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There have already been a handful of iconic moments in the 2009 NFL season.
Peyton Manning's perfectly placed 21-yard touchdown pass to rookie Austin Collie against Seattle. Denver coach Josh McDaniels fist-pumping his way down the sidelines after beating his mentor, Bill Belichick. The Bengals bear-hugging their bereaved defensive coordinator, Mike Zimmer. A cool, calm Brett Favre looking 25 while savoring his revenge against the Packers. Rookie Jets QB Mark Sanchez lowering his shoulder and willing himself into the end zone against the Titans.
But when I think of a moment that truly captures the current state of the game, my mind still goes back to a scene near dusk after a long, loud, hot and crowded day at the Chicago Bears training camp. The nearly 10,000 fans were almost all gone, trickling up the highway back toward the city. The fields were empty. The coaches had all left. Even security was packing up for the day. But on the far side of the field, almost 30 minutes after everyone else had called it a day, the Bears' offensive linemen remained behind to work through a series of exhausting drills that had the look and intensity of hand-to-hand combat.
|Happy Hug An O-Lineman Day! Print this out and wear it with pride.|
Later, working my way from Roberto Garza to Olin Kreutz, I tried to find someone on the Bears' line who would take just one simple compliment on their work ethic and intensity, but, to a man, they all just shrugged it off.
Part of the job. It's what we do. No biggie. Doncha wanna talk to the quarterback?
"The last group to get noticed on any team are always the linemen," says Hall of Fame guard and Titans offensive line coach Mike Munchak. "That's just a linemen's life. Most linemen just want to stay in the background any way. Ya know, just let us do our job and leave us alone in our own little world."
No. Not today.
Today, on what I am now officially declaring the Flem File's first HUG AN O-LINEMAN DAY, we're going to talk about the men who toil in total anonymity in order to bring us the extra second Peyton Manning needs to find the end zone and drop our jaws, the newfound poise of Kyle Orton, the power behind the NFL's leading rusher Cedric Benson, Favre's fountain of youth and Sanchez's sanctuary.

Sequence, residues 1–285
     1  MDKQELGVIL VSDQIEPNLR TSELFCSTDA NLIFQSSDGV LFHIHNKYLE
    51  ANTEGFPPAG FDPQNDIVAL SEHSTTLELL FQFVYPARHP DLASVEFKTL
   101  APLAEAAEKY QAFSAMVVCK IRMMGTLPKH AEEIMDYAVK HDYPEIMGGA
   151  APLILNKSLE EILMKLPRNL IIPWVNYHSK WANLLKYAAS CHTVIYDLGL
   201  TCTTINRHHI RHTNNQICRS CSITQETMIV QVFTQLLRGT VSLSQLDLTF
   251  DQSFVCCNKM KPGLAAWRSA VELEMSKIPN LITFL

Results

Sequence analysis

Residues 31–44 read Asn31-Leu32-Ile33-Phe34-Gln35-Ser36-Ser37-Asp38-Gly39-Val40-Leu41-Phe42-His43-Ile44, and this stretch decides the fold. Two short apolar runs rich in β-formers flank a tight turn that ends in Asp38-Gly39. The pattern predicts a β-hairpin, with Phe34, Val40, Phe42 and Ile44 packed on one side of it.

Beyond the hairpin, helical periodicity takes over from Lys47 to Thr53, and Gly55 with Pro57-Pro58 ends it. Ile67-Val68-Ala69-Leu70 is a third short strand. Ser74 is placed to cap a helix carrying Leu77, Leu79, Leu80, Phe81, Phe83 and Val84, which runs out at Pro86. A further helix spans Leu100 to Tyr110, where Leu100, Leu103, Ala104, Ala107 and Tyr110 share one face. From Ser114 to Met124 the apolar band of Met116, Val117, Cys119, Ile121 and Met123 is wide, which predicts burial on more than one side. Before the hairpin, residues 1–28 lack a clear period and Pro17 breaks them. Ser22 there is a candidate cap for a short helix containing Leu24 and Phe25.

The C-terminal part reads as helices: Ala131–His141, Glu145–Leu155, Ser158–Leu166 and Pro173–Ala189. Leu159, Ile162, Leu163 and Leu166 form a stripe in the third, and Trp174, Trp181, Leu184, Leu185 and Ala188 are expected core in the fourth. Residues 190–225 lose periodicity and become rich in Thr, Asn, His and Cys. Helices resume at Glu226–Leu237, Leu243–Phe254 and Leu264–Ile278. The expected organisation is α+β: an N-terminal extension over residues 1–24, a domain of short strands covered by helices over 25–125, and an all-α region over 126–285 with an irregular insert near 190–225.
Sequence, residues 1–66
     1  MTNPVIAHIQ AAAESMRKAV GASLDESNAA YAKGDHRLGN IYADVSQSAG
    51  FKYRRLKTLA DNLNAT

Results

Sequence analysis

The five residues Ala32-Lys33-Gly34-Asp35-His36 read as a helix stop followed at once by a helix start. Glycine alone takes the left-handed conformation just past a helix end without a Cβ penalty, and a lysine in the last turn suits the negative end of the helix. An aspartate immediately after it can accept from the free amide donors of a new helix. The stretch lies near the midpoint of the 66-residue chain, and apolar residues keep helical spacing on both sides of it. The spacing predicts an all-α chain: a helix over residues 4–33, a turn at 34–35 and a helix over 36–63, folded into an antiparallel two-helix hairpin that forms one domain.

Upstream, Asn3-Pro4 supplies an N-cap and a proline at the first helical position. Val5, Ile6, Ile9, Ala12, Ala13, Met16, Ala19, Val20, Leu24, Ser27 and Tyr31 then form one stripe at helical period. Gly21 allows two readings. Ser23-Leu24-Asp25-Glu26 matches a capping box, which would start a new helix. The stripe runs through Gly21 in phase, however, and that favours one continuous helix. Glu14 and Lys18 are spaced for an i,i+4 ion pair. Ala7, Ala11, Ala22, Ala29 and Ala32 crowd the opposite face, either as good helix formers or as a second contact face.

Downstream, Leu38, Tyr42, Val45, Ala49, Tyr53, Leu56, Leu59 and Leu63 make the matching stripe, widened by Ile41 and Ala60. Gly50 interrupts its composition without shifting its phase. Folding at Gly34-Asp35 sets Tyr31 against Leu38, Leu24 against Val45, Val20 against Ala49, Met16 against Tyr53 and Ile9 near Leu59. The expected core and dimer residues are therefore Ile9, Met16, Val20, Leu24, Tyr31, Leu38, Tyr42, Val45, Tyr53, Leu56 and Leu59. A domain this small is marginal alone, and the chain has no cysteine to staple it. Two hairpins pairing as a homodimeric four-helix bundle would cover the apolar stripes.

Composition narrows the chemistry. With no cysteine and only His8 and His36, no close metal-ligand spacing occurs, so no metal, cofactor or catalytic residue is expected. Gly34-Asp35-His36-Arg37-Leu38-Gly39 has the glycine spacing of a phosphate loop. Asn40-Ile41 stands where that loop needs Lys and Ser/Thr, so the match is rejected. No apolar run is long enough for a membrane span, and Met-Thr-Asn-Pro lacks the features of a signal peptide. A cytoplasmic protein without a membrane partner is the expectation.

Because, while we continue to throw headlines, ink and bandwidth at quarterbacks -- old and young -- at great new coaches and cool, wild and wide-open schemes like the Spread and the Wildcat, it's so like us (isn't it?) to completely ignore the old, reliable, diesel engine that quietly and consistently powers the whole thing.
The offensive line.
The most underappreciated position in all of sports.
So today, wherever you are -- the supermarket, Bob's Big-n-Tall Shop, your favorite fishing hole or Spandex Anonymous -- I want you to walk up to that gimpy barrel chested guy with the crooked fingers and the shoes the size of rowboats, wrap your arms (halfway) around that big sad lug and say "thank you." And I want you to mean it.
I first suspected that O-linemen needed their own day this summer when I asked Jags offensive line coach and former 12-year NFL vet Andy Heck what made linemen so dang unique, and he mentioned that during his playing days the Redskins would evoke The Stretcher Rule -- meaning, no one on the line could leave the game unless it was on a stretcher.
A month into the NFL season, Heck says most blockers are "walking around, on a daily basis, with the kind of pain that would cause most people to run to the hospital and say, 'Oh my god, help me, something is terribly wrong.'"
Beyond superhuman pain tolerance, the required skill set of an NFL lineman has evolved at a breathtakingly rapid (although largely ignored) rate. From the slow-moving, wide-bodied road graters of the Dallas Dynasty, to a modern-day Swiss-army knife mixture of almost cartoonishly contradictory physical assets piled on top of a laundry list of intangibles.
"People think there are a lot of us out there who can do this job, but there aren't," says Texans tackle Eric Winston. "A tackle can't be taller than 6-9, any taller than that and you can't get under [a] guy's pads on a run block. But, at the same time, you also have to be at least 6-4. You have to be at least 285 pounds but not more than 350 or you can't move fast enough to hit your pass-block sets. Now, of that group, who also has the coordination and athletic ability to meet a speed rusher on the edge, who can run a 5.2 in the 40, and who is smart enough to learn the position, think on his feet when there's blitzes and stunts going off everywhere, have that mindset of toughness, durability, pain tolerance and the desire to smash your head into people day in and day out for six months at a time."